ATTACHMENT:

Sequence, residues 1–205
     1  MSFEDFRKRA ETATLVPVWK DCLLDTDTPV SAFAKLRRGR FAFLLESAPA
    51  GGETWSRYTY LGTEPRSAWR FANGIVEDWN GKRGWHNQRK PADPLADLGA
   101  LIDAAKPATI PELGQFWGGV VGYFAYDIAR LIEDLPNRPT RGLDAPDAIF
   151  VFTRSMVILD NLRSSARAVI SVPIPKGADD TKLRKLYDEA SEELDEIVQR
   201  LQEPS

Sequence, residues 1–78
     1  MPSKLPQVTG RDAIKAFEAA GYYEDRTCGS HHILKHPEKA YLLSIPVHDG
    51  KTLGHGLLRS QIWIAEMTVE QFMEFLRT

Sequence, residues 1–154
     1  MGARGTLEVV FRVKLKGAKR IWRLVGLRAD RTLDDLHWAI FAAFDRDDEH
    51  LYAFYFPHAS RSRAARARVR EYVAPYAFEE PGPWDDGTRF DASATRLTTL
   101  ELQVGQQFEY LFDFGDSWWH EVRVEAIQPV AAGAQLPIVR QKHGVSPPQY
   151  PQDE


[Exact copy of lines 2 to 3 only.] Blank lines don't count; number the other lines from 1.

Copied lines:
     1  MSFEDFRKRA ETATLVPVWK DCLLDTDTPV SAFAKLRRGR FAFLLESAPA
    51  GGETWSRYTY LGTEPRSAWR FANGIVEDWN GKRGWHNQRK PADPLADLGA